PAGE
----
Because of these improvements, ACME was honored to testify before the U.S. Senate Committee on Aging in July 2009, stating that the ACCME is an effective firewall between industry marketing and accredited CME. The ACCME continues to advance transparency and accountability and in 2010, ACCME revised their complaints process to include providers’ responsibilities to inform learners if an activity is found in noncompliance.

Increasing Interactions with government

Through ACCME interactions with government, they seek to inform public officials about the value of accredited CME, and to provide support for national health care quality and safety initiatives. ACCME has continued their long-standing collaboration with the White House Office of National Drug Control Policy and made a presentation to a Food and Drug Administration Center for Drug Evaluation and Research Advisory Committee about how accredited CME could be a strategic asset to Risk Evaluation and Mitigation Strategies (REMS) initiatives.

Additionally, ACCME was invited to several meetings with the senior staff of the Office of Health Information Technology, Department of Health and Human Services, to discuss proposals for better integrating health IT and professional medical education, including CME.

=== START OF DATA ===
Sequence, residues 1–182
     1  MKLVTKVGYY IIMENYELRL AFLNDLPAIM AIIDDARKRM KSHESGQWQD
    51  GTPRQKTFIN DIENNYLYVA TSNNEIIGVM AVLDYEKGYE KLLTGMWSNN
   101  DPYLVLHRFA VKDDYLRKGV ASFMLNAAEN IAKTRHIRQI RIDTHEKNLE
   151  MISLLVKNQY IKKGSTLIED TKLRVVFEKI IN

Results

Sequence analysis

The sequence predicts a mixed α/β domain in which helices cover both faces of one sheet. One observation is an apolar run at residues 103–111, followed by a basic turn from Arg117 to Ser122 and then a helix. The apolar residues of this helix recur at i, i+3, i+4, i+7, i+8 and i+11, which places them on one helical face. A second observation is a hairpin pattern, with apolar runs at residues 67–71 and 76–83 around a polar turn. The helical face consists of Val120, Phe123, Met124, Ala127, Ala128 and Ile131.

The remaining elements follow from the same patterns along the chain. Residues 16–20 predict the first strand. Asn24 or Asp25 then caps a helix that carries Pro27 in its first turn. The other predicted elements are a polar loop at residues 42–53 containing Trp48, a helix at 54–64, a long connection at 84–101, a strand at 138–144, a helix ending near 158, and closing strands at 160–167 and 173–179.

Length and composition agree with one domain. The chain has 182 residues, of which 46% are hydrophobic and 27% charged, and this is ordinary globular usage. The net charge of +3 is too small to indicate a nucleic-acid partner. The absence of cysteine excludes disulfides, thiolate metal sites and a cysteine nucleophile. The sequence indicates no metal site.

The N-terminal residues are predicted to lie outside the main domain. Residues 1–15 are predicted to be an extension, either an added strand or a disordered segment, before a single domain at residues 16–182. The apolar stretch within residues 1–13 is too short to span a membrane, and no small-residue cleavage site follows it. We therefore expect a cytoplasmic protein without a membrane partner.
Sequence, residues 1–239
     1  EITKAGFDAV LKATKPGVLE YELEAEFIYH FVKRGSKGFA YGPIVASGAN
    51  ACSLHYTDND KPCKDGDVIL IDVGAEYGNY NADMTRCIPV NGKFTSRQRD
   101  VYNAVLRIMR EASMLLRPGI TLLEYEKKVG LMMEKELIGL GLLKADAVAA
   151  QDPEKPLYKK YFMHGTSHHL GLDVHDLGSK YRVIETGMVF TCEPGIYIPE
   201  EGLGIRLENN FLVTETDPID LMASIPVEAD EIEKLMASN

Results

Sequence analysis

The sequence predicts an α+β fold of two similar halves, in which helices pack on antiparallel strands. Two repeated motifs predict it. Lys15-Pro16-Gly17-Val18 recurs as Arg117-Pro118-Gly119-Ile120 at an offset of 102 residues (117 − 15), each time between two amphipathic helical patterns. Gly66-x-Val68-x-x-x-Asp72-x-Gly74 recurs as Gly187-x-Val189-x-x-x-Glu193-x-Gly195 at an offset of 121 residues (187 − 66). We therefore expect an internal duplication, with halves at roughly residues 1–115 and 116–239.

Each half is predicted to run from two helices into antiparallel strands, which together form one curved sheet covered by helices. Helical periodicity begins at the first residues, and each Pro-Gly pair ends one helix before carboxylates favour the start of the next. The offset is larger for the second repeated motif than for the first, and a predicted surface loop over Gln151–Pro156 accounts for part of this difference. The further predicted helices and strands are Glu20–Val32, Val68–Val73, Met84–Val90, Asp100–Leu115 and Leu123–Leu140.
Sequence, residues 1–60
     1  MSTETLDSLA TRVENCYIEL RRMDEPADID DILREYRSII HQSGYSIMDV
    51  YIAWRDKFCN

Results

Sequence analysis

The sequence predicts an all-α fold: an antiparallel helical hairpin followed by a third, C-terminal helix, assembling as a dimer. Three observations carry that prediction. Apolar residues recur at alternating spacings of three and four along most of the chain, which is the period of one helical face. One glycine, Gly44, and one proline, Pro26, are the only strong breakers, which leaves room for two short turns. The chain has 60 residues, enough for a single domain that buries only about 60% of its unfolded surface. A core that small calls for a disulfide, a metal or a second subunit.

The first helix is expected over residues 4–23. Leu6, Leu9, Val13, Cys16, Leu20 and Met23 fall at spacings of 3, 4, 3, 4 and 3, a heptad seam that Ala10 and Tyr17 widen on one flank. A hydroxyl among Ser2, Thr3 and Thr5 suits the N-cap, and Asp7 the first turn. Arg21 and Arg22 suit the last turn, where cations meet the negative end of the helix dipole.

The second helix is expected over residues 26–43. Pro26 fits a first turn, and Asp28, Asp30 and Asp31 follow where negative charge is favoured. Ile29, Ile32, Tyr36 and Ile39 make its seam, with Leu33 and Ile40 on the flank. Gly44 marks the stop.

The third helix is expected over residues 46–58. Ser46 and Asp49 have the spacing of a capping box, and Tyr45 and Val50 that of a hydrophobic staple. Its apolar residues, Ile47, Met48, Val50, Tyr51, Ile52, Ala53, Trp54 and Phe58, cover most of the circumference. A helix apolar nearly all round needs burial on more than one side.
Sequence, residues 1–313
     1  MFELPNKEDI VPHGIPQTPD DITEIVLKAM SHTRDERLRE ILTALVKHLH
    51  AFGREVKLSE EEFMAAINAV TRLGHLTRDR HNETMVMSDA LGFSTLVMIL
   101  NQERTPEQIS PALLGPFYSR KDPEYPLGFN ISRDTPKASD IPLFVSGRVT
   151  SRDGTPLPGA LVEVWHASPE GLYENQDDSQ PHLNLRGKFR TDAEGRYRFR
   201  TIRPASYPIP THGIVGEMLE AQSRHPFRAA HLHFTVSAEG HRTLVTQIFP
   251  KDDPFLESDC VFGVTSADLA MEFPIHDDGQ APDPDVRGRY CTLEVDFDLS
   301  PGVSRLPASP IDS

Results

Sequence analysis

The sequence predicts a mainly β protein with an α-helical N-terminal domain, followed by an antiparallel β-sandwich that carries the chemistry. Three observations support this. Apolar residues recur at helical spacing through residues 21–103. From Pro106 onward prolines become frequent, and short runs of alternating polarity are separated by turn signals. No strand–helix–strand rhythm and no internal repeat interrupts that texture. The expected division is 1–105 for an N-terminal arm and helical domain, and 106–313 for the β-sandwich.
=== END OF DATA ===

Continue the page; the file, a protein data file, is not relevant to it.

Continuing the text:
The new ACCME report recognizes how the CME enterprise is undergoing a time of profound reflection and improvement, raising CME to a higher level of effectiveness and relevancy. The report also acknowledges how accredited providers are facilitating self-directed, practice-based education that supports physicians’ commitment to lifelong learning.

In addition, technological advances are enabling providers to offer education through simulations and just-in-time learning, and to utilize electronic records to evaluate physicians’ changes in practice and patient care. Accredited providers have successfully demonstrated that CME is a Bridge to Quality.  Last, but not least, accredited CME providers are implementing educational strategies to help physicians overcome barriers to change and they are partnering with quality initiatives within their institutions, health systems, and communities to improve patient outcomes.